doubt about whether it was the artist's intention to utilize different
leadline widths or simply a lack of skill on his or her part, ask to
see other artworks).
The presence of very thin leadlines (as well as thick ones).
One of the biggest advantages of using copper foil over lead as a
method of holding the glass is that with copper foil the artisan can
create very thin leadlines (Lead has its advantages, too, which will be
explained farther down on this page). The smallest lead commercially
available gives a leadline that is uniformly 1/8th of an inch wide.
Copper foil can give leadlines that are much thinner than 1/8th inch.
Achieving very thin copper foiled leadlines requires both precision
cutting of the glass and precision laying down of the copper foil onto
the glass using a copper tape that is only slightly wider than the
thickness of the glass. If an artist shows you a piece that has only
relatively thick leadlines (which is only necessary
in artworks that are very large in size and very simple in design), ask
to see other works with thinner copper foiled leadlines.
A solder bead that is smooth, especially [a] on long uninterrupted
copper foiled leadlines and [b] where two or more leadlines meet.
This may not apply where the artist has meant to
add some decorative soldering. However, beware of artisans claiming
that poor soldering is "meant to be decorative"... once you've seen a
good example of smooth soldering, you'll soon learn to tell the
difference. When in doubt, ask to see other artworks.
A uniform appearance of the patina (if one is applied).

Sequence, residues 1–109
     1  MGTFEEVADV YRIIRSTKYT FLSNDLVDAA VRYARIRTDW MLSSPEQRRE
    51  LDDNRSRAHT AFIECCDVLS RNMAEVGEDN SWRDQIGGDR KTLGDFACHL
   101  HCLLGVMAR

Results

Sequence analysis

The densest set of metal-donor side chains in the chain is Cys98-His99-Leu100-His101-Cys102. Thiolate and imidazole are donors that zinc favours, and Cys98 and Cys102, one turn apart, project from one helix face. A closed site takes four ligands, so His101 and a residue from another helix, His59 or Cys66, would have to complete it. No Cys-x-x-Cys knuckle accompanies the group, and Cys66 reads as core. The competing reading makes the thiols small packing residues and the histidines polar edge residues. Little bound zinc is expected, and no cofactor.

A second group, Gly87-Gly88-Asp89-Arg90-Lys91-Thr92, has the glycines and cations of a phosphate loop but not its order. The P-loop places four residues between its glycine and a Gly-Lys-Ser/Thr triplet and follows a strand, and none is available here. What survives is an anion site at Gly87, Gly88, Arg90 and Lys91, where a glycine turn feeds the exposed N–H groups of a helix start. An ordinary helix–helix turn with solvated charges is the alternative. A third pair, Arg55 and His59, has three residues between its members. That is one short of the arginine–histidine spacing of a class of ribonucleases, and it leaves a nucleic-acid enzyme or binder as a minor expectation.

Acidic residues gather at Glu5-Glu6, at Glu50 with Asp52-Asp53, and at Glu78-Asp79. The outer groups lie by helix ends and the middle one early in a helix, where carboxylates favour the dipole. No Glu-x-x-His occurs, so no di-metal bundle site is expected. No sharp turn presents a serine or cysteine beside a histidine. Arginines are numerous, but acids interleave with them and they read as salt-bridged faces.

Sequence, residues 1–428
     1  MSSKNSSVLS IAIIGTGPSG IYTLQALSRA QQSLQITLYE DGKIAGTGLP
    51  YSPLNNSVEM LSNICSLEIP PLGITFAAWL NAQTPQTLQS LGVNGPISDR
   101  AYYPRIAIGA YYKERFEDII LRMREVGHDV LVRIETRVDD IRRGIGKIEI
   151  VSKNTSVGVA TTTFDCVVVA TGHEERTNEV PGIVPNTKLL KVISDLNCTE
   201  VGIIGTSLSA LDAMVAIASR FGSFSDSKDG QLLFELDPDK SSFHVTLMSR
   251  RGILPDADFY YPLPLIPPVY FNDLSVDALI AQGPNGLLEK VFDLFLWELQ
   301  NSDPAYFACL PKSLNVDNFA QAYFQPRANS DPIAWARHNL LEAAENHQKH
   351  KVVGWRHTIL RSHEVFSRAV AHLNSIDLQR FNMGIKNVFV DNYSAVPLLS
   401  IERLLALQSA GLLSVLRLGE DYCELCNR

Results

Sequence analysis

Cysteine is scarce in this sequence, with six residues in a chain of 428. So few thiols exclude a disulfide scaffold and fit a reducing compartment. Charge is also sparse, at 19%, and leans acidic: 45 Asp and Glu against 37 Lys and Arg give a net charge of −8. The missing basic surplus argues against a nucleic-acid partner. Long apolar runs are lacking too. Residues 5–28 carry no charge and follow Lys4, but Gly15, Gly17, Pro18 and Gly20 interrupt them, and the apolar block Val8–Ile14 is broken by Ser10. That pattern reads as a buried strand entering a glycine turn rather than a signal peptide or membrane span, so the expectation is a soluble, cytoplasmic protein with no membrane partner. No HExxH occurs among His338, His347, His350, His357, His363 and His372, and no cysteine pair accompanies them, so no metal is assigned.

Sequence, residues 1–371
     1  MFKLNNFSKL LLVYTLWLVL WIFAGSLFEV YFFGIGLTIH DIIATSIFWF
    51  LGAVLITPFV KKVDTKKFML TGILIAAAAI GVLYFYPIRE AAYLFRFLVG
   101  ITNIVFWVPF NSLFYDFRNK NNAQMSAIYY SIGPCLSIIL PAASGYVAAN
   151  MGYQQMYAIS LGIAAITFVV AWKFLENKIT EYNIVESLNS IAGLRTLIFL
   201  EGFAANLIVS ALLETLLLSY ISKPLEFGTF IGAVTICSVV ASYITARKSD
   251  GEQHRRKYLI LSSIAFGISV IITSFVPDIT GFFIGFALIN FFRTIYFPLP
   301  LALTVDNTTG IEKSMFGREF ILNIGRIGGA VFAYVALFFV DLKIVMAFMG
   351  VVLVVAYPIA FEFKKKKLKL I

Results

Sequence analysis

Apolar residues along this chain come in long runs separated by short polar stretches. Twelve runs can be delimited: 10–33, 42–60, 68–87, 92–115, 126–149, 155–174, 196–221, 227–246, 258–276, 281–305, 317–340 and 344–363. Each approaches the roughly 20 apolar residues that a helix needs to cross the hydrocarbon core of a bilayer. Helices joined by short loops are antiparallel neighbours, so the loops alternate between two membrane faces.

This is a chemical solution that turns the dull-silver colored solder
to a copper, brass, green, or charcoal gray color (the last is my
favorite, artistically). Poor craftsmanship here appears as a blotchy
or uneven look in the coloration of the leadlines, and probably results
from insufficient cleaning of the artwork prior to the application of
the patina or a poor method of applying the patina itself.
There are no copper foil "ends" showing. Since
the copper foil tape is applied to the entire edge of each piece of
glass, it must slightly overlap itself where it begins and ends its
circumnavigation of each piece of glass. The absence of visible
ends means that the copper foil is exactly
lined up where this overlap occurs. The presence of visible ends is a
sure sign of hurried craftsmanship. These can occur anywhere along the
leadlines, as well as at the corners of a piece of glass.
There is no "backside" showing. If the foil is
applied to the glass imprecisely, there will be places where more foil
was flattened onto the underside of the glass (which becomes the back
side of the artwork) than onto the topside of the glass (which becomes
the front of the artwork). This allows the "backside" of the foil to
show through on the front of the artwork, especially where clear or
light colored glasses are used. This is readily noticeable because the
"backside" is a bright copper color and shows up readily against the
front of the leadlines, which have been covered with solder and maybe
patina-ed, and therefore are no longer copper colored. Some artisans
trim away this overhanging copper foil with a razor knife, which is
okay, but time-consuming. I have developed my own technique whereby I
foil every piece slightly more onto the topside than the underside of
the glass, preventing the need for trimming and ensuring no "backside"
showing through. (Will any artisan about to adopt this technique please
send me $5 for all the time and effort I've just saved you... wink,
following are descriptions of what to look for...
Leaded Glass Windows, Lamps, and Artworks:
Lead is the other
method of holding the glass securely in place. Leading requires more
skill than copper foil since the pieces of glass and lead are fitted
tightly together before beginning the soldering phase (as opposed to
copper foiled pieces of glass, which are loose
until the soldering phase is begun). Lead came
is a pre-formed miniature I-beam of pure lead, a very soft metal that